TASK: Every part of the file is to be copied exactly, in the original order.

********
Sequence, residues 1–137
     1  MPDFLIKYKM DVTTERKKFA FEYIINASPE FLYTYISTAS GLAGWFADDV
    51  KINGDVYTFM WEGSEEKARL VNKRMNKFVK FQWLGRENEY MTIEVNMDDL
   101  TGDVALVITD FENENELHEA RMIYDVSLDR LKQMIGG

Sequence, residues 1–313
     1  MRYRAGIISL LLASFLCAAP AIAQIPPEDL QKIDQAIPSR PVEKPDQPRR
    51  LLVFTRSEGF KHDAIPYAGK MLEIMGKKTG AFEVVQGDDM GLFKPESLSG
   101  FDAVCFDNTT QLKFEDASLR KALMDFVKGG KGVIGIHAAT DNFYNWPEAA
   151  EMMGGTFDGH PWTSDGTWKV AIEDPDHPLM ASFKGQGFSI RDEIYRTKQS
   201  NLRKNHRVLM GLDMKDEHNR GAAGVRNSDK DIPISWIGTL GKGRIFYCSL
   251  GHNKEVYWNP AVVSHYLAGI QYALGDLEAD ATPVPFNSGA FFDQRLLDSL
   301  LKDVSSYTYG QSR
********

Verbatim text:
Sequence, residues 1–137
     1  MPDFLIKYKM DVTTERKKFA FEYIINASPE FLYTYISTAS GLAGWFADDV
    51  KINGDVYTFM WEGSEEKARL VNKRMNKFVK FQWLGRENEY MTIEVNMDDL
   101  TGDVALVITD FENENELHEA RMIYDVSLDR LKQMIGG

Sequence, residues 1–313
     1  MRYRAGIISL LLASFLCAAP AIAQIPPEDL QKIDQAIPSR PVEKPDQPRR
    51  LLVFTRSEGF KHDAIPYAGK MLEIMGKKTG AFEVVQGDDM GLFKPESLSG
   101  FDAVCFDNTT QLKFEDASLR KALMDFVKGG KGVIGIHAAT DNFYNWPEAA
   151  EMMGGTFDGH PWTSDGTWKV AIEDPDHPLM ASFKGQGFSI RDEIYRTKQS
   201  NLRKNHRVLM GLDMKDEHNR GAAGVRNSDK DIPISWIGTL GKGRIFYCSL
   251  GHNKEVYWNP AVVSHYLAGI QYALGDLEAD ATPVPFNSGA FFDQRLLDSL
   301  LKDVSSYTYG QSR